This Week’s Prompt: 2.Inhabitants of Zinge, over whom the star Canopus rises every night, are always gay and without sorrow.
The Research:Made Up Words, Stars, and Utopia’s
Elinor Thompson awoke with a hundred arms and a single eye. She found herself screaming without sound, aware now of the watery darkness around her. She stared upward in the unlit room, desperately trying to scuttle around as best she could. Her red hair was gone, her dark skin now glowing dimly. As she struggle about, her mind assuring her this was but a dream, a dim hum began within her mind.
Elinor found that, as she walked, the humming grew louder in one part of the room, a room that seemed to be a watery bubble of stone. Accepting that this was some strange dream, she tumbled around, feeling the parts of her body as best she could. A clicking beak lay beneath her head, and beside it were two long legs, ready to spring. Testing them, she found her self floating in the water. As she went hurtling across the inky black the hum grew louder, but stayed soft and relaxed. It echoed in her brain as if some part of skull was vibrating in unison. Elinor swam towards them, closer and closer.
She found a great vastness through to tunnel after tunnel, until she came to a murky chasm that ran forever. For a moment, she thought she had found the end, an endless expanse of darkness. A moment passed of pristine silence, except the deep humming in her head. And then, a glowing dot. Several. A host of creatures, like pristine glowing jellyfish floated across the darkness, like stars in the evening sky. More whirled above and below here, adding tones to the growing choir.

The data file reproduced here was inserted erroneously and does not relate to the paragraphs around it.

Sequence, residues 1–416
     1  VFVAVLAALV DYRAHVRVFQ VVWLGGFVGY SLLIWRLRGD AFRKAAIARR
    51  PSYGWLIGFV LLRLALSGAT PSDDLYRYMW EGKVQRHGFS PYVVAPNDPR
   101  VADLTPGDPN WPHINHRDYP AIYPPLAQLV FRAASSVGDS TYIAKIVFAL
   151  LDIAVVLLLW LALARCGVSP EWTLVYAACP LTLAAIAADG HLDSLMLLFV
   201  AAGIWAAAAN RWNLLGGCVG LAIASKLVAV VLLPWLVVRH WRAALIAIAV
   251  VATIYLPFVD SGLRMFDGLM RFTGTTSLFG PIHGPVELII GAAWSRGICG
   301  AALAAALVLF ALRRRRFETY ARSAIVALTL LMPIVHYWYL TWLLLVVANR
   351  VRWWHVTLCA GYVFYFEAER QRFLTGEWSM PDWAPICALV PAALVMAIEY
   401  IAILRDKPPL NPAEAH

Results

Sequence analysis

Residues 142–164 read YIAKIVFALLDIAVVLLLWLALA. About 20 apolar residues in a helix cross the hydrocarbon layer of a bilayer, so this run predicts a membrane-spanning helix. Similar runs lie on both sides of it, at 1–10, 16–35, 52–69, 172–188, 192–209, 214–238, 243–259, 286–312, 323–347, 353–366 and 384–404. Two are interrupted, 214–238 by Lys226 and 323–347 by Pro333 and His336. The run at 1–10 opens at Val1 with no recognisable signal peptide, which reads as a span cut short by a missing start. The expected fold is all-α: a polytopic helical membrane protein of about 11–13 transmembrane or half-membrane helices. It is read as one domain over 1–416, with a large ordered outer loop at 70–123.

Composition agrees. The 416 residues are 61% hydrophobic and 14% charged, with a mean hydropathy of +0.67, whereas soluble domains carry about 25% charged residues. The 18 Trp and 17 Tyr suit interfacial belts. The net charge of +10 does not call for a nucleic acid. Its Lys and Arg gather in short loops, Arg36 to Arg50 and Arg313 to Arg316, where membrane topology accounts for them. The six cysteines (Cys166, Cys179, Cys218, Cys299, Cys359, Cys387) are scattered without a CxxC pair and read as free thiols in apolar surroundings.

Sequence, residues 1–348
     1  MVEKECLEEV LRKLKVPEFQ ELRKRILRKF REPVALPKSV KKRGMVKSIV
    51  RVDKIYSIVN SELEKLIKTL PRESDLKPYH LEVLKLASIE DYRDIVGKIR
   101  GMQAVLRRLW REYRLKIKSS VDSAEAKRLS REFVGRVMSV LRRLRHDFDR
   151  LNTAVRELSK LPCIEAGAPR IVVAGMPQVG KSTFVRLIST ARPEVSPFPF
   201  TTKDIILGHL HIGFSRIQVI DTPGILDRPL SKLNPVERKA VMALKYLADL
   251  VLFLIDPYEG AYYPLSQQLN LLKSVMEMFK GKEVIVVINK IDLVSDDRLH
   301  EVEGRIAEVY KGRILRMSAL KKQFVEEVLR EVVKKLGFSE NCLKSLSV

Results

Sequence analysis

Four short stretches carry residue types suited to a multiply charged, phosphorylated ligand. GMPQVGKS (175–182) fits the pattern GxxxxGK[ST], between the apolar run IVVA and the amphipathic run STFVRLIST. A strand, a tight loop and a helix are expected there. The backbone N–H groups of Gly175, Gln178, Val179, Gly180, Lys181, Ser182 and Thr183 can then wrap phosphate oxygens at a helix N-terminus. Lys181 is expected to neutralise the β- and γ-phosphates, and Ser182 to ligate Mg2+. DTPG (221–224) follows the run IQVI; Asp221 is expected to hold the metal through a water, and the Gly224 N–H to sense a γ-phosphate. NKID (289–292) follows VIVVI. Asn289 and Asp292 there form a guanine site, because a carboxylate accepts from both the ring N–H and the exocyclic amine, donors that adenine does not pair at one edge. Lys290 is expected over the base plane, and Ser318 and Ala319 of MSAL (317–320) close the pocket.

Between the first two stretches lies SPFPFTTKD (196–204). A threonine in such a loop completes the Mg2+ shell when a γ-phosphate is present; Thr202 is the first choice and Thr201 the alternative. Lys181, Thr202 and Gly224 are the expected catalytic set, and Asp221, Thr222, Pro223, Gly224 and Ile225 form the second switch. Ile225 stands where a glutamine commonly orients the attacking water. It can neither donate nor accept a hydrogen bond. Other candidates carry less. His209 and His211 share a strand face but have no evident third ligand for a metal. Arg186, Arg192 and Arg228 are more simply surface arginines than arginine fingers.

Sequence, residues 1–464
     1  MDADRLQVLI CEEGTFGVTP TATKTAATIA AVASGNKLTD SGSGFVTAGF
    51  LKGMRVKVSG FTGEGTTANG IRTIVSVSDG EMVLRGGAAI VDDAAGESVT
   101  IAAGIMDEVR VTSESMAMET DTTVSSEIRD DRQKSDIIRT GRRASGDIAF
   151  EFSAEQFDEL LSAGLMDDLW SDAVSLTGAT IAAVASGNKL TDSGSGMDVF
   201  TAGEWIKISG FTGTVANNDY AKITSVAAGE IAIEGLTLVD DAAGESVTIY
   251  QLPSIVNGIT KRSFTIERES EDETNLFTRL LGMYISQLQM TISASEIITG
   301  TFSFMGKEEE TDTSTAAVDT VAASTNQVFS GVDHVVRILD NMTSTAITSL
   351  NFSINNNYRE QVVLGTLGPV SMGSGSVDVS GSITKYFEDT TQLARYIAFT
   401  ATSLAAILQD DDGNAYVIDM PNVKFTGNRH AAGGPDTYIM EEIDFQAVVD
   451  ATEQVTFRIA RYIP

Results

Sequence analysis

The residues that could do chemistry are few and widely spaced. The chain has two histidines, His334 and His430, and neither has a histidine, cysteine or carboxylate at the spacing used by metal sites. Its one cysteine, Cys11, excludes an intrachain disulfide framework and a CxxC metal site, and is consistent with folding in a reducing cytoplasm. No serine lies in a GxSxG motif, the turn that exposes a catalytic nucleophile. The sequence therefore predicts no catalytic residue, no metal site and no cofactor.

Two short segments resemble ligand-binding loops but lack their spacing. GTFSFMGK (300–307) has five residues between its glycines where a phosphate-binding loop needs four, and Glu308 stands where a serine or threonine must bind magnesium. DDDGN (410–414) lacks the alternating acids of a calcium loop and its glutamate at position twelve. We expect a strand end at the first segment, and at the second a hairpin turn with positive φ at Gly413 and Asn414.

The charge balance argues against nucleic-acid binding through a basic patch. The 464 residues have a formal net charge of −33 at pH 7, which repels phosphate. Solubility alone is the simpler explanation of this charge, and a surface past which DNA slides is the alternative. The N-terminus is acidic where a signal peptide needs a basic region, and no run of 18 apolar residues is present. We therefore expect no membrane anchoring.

The song rose and rose in pitch and volume, a growing calm, an overwhelming sensation of perfection. Elinor felt it swelling, driving her thoughts into the bottom of her mind. Waves building on each other, like the Shepards Tone, reaching upward and upward for infinite. In a few minutes or hours, for time was gone completely down in these watery depths, Elinor ceased to be a meaningful distinction. In those depths her own mind began to sing, the amorphous form began to dance in a swirl. In the widening gyre, she became one of the many lights.
And so she stayed for a time, rising and following on the currents. The swarming host swelled and sank with the tides, singing gleefully as they did. The chasm stretched in all directions, with thousands of homes budding off of the main stalk. Smaller creatures swam with many eyes or scuttled blind upon the wall. Oh the feasts that the choir entertained. Oh the prey that the host snatched and devoured as they sang.